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Using the Geographical Alphabet in Italy

abcWhen you’re traveling around Italy, if you’re a savvy traveler who’s adept at using local telephones, you have probably experienced the frustration of trying to call ahead to your next destination to make a reservation at a hotel or hostel, only to be thwarted not by a person who doesn’t speak English but by your own inability to spell. Oh, sure – you can spell just fine in your native tongue, but you know how hard it is to distinguish “N” from “M” over the phone to another English speaker. Imagine how difficult that is when you’re dealing with someone for whom English is a second language.

On the phone with another English speaker, your tried-and-true method for getting around this problem is to use words which begin with the tricky-to-understand letters. So, you’ll say “S as in Sam” or “B as in Boy” when you’re spelling your name or address. But “Sam” and “Boy” don’t necessarily resonate with an Italian speaker, for obvious reasons. To avoid this potential roadblock, do what the Italians do – use geography.

The Italian geographical alphabet relies on the same idea as the “S as in Sam” method, only instead of random simple words to represent the letters, each letter corresponds with a town in Italy. By using this alphabet, you’ll be able to spell anything you like, no matter how poorly you might be pronouncing things.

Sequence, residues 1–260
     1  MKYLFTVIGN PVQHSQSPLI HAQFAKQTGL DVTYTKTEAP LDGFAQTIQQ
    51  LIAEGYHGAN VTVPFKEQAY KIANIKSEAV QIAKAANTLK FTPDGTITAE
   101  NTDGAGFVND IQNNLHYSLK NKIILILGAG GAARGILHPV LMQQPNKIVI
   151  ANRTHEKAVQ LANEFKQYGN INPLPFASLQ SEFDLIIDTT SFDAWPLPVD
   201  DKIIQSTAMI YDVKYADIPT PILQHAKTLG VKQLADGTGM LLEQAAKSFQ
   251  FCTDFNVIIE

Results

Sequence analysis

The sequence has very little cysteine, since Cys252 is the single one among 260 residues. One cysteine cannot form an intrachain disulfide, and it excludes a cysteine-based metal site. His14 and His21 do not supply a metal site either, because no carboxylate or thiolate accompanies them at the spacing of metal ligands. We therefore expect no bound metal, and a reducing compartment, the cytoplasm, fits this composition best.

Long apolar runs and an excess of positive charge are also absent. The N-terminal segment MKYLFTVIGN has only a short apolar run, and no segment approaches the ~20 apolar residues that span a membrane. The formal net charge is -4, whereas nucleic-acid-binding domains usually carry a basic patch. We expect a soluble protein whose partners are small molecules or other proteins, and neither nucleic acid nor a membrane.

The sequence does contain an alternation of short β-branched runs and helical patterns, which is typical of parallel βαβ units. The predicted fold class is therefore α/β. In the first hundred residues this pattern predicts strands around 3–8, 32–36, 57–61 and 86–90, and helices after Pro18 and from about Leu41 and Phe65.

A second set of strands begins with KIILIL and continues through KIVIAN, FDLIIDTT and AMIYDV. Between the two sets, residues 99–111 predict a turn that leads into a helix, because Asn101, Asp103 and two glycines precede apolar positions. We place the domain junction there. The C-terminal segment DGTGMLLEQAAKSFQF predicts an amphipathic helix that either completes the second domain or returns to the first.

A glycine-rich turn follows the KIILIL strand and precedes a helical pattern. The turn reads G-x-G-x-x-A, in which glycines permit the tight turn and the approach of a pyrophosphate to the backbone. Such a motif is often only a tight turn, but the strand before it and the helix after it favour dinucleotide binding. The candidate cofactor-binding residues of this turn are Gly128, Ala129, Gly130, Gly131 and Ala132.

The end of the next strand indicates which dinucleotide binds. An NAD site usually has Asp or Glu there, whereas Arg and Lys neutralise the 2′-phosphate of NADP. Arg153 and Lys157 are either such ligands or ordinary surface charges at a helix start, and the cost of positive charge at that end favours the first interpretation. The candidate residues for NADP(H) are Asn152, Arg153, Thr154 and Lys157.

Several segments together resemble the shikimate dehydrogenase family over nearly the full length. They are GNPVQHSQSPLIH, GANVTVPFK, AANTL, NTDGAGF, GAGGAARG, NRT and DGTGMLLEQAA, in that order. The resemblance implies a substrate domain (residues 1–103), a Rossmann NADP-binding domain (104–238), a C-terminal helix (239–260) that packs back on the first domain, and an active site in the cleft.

Some letters of the geographical alphabet are universal – no matter where you go in Italy, “Ancona” is going to be understood to represent the letter “A.” Some, however, are regional favorites. In most of Italy, “B” will be “Bologna” – but if you get into the northeast, the residents up there are more likely to use a town from their own region, “Bolzano.” Chances are, however, that they’ll know Bologna and will still get what you’re talking about.

There’s a handy guide to Italy’s geographical alphabet here, although I’d also add a few pronunciation tips for some of the letters which aren’t explained in the article (the rest of the letters are explained pretty well):

A – ah
C – chee
E – eh
F – eff-eh
H – ah-kah
I – ee
K – kah-pah
L – ell-eh
M – emm-eh
N – enn-eh
O – aw (very open mouthed “O,” as in “dawdle”)
Q – koo
R – err-eh (rolled, if possible)
S – ess-eh
U – oo (not “yoo”)
Z – zeh-tah